In our ongoing, semi-weekly look at establishment and employee counts of graphic arts businesses, we have been looking at packaging/paper converting establishments. In 2012, there were 348 establishments in NAICS 322219 (Other Paperboard Container Manufacturing), and by 2018, that number had declined to 290, unchanged on net from 2017 (there were growths and declines in some of the establishment size categories).

The Bureau of the Census definition for this business classification:

This U.S. industry comprises establishments primarily engaged in converting paperboard into paperboard containers (except corrugated, solid fiber, and folding paperboard boxes) without manufacturing paperboard.

As you may have guessed, this is a catchall category that rounds up all the businesses that don’t fit into 32221 (Paperboard Container Manufacturing). This NAICS was created in 2012 after the 2012 Economic Census, and was used to round up discontinued subcategories, such as setup paperboard box manufacturing; fiber can, tube, drum, and similar products manufacturing; and nonfolding sanitary food container manufacturing. Some of the products that are produced by establishments in this NAICS include fiber cans and drums (i.e., all-fiber, non-fiber ends of any material) made from purchased paperboard, milk cartons, sanitary food containers, and other forms of liquid packaging, such as that used to hold water, soft drinks, dairy products, and fruit juices.

We’ve got one category left in this four-digit NAICS, which we will look at in two weeks time:

  • 32223 Stationery Product Manufacturing

These counts are based on data from the Census Bureau’s County Business Patterns. Every other week, we update these data series with the latest figures. Census Bureau reports include other data, as well, such as number of employees, payroll, etc. These counts are broken down by publishing business classification (based on NAICS, the North American Industrial Classification System).

These data, and the overarching year-to-year trends, like other demographic data, can be used not only for business planning and forecasting, but also sales and marketing resource allocation.

Over time, we will be adding additional data from County Business Patterns, such as number of employees, payroll, and similar information for additional business classification of relevance to the graphic communications industry.

This Macro Moment

This week, the Federal Reserve published its most recent “Beige Book” (aka “Summary of Commentary on Current Economic Conditions”), which is issued eight times a year. The Beige Book compiles more or less anecdotal information on economic conditions in each of the 12 Federal Reserve districts. Not quantitative, it is based on conversations with bank and branch directors and interviews with key business contacts, economists, market experts, and others. It is published as a prelude to Federal Open Market Committee meetings.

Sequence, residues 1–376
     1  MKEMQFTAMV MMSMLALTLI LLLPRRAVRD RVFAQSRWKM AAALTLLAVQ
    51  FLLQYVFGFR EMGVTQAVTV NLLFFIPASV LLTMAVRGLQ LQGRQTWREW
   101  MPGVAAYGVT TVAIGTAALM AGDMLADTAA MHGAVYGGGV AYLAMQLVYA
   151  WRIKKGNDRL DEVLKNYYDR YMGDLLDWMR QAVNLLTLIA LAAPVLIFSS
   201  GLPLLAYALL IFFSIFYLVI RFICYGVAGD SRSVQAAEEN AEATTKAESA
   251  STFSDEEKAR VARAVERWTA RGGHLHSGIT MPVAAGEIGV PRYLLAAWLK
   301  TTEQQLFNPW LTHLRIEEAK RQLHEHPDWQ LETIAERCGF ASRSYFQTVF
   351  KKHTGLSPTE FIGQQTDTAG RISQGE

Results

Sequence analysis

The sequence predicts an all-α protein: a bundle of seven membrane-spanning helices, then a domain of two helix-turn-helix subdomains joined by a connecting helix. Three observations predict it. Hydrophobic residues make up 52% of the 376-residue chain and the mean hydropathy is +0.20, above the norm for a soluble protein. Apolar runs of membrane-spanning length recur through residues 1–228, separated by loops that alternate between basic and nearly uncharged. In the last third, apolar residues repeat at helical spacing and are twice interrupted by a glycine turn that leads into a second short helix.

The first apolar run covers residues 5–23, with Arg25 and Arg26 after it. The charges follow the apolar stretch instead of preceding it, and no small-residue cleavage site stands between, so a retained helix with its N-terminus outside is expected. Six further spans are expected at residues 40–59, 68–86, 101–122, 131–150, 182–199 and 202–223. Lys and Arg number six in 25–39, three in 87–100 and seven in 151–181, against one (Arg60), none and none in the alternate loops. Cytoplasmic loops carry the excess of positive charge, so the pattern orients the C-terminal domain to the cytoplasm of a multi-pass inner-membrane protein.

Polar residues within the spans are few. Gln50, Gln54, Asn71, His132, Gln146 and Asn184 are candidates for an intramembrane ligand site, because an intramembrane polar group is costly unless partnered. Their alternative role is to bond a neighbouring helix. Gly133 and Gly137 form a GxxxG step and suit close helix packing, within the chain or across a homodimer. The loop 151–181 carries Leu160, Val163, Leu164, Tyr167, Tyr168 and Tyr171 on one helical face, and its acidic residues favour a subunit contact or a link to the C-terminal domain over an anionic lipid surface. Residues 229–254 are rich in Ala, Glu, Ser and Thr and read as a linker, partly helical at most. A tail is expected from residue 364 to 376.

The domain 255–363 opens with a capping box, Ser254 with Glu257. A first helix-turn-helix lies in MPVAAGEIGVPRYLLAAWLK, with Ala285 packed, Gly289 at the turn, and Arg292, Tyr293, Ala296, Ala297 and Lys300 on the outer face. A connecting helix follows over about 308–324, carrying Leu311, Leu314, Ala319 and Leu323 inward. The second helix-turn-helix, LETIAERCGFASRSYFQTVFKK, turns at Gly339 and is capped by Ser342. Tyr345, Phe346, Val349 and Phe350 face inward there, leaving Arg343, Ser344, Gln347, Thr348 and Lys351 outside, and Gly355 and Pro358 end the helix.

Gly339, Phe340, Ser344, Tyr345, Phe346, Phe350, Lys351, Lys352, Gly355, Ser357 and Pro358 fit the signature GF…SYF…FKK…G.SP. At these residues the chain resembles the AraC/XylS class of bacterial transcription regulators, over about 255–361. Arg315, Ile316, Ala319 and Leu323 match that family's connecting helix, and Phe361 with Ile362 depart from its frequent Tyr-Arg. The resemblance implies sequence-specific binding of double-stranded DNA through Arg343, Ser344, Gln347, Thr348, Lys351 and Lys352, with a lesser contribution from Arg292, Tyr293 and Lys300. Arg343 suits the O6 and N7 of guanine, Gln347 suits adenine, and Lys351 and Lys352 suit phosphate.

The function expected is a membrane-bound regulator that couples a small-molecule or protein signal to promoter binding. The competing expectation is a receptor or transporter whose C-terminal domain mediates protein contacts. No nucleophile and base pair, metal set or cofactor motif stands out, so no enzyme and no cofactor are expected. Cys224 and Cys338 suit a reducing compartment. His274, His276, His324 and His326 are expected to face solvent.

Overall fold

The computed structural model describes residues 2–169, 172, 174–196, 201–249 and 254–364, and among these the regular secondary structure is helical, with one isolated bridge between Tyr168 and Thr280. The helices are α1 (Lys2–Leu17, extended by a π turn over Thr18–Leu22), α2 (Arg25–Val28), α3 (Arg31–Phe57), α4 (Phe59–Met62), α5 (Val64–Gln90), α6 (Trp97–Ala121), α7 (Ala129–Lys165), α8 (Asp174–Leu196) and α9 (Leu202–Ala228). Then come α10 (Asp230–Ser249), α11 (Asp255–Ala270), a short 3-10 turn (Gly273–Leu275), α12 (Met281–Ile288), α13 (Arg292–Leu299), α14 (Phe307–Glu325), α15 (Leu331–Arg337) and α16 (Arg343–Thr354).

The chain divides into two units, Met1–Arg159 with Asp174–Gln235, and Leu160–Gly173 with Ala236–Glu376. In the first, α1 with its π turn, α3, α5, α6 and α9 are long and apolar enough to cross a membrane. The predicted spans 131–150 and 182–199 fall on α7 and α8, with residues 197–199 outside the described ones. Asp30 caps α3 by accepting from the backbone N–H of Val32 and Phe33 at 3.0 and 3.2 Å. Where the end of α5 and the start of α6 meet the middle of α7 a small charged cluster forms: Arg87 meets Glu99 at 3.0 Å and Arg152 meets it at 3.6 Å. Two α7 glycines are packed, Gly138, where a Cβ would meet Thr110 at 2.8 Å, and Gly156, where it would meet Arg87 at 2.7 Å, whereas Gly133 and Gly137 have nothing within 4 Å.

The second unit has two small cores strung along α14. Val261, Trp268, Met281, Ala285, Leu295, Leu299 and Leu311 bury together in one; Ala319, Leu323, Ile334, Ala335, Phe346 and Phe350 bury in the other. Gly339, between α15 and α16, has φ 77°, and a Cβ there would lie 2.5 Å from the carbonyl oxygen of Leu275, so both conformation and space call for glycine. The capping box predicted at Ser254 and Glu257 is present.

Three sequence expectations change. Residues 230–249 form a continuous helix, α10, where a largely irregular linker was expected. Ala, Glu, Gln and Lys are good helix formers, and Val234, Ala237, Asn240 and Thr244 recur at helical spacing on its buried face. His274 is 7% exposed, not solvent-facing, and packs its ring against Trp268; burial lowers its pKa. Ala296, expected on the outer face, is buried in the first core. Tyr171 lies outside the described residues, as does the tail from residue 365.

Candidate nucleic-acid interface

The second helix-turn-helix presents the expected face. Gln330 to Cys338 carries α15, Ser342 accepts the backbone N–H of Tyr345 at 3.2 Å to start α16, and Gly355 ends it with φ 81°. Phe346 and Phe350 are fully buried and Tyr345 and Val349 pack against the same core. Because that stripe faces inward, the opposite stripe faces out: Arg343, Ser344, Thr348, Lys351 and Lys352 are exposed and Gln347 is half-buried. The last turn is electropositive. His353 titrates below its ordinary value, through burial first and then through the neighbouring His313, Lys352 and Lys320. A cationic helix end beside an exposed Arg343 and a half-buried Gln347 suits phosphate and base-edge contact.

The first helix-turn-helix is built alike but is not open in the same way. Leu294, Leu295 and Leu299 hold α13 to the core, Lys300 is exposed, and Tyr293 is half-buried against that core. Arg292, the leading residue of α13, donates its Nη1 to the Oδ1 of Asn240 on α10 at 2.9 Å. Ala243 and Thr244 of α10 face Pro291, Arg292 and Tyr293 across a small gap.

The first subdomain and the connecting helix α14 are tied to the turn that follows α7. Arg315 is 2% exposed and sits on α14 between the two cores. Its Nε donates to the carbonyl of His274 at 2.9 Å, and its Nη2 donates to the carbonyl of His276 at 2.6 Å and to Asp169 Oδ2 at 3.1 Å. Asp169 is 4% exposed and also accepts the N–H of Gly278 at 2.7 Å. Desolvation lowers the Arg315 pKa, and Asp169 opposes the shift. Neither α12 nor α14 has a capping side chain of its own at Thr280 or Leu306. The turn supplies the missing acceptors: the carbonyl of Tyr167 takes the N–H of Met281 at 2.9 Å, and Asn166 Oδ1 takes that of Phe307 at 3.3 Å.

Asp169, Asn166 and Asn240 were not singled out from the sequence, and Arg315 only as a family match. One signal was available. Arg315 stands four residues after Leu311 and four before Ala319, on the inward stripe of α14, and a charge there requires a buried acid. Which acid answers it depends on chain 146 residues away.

You can read the whole thing here, particularly the reports from your Fed district, but here are some selected comments. Note that it is based on information compiled before November 20, 2020.

Overall Economic Activity
Most Federal Reserve Districts have characterized economic expansion as modest or moderate since the prior Beige Book period [October 21]. However, four Districts described little or no growth, and five narratives noted that activity remained below pre-pandemic levels for at least some sectors. Moreover, Philadelphia and three of the four Midwestern Districts observed that activity began to slow in early November as COVID-19 cases surged. Reports tended to indicate higher-than-average growth of manufacturing, distribution and logistics, homebuilding, and existing home sales, although not without disruptions. Banking contacts in numerous Districts reported some deterioration of loan portfolios, particularly for commercial lending into the retail and leisure and hospitality sectors. An increase in delinquencies in 2021 is more widely anticipated. Most Districts reported that firms' outlooks remained positive; however, optimism has waned--many contacts cited concerns over the recent pandemic wave, mandated restrictions (recent and prospective), and the looming expiration dates for unemployment benefits and for moratoriums on evictions and foreclosures.

Employment and Wages
Nearly all Districts reported that employment rose, but for most, the pace was slow, at best, and the recovery remained incomplete. Firms that were hiring continued to report difficulties in attracting and retaining workers. Many contacts noted that the sharp rise in COVID-19 cases had precipitated more school and plant closings and renewed fears of infection, which have further aggravated labor supply problems, including absenteeism and attrition....

In most Districts, firms reported modest to moderate increases of input prices, while the selling prices of final goods rose at a slight to modest pace. Contacts noted that COVID-19 cases have caused ongoing disruptions and delays among short-staffed producers and shippers—raising transportation costs, which are then passed through to buyers.

It’s a jungle out there.